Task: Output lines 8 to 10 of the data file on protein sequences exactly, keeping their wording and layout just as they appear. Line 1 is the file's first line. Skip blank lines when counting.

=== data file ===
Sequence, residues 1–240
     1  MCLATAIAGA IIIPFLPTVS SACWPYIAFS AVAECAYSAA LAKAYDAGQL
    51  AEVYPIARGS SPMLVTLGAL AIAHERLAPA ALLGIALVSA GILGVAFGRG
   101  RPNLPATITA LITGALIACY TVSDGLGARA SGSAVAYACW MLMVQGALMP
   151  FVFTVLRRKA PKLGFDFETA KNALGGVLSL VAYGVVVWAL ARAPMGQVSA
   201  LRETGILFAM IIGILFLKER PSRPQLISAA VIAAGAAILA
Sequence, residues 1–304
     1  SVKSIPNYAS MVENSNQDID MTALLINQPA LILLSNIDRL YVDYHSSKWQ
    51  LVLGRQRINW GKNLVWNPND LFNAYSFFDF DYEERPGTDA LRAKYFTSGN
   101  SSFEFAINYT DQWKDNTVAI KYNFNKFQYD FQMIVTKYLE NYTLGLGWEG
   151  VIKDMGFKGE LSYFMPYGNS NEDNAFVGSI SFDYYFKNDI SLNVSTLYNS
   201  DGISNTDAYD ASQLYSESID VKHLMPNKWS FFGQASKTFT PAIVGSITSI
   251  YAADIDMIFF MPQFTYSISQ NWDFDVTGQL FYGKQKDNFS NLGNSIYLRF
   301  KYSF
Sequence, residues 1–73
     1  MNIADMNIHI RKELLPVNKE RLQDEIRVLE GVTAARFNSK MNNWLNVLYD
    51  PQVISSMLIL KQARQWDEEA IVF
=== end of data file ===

     1  SVKSIPNYAS MVENSNQDID MTALLINQPA LILLSNIDRL YVDYHSSKWQ
    51  LVLGRQRINW GKNLVWNPND LFNAYSFFDF DYEERPGTDA LRAKYFTSGN
   101  SSFEFAINYT DQWKDNTVAI KYNFNKFQYD FQMIVTKYLE NYTLGLGWEG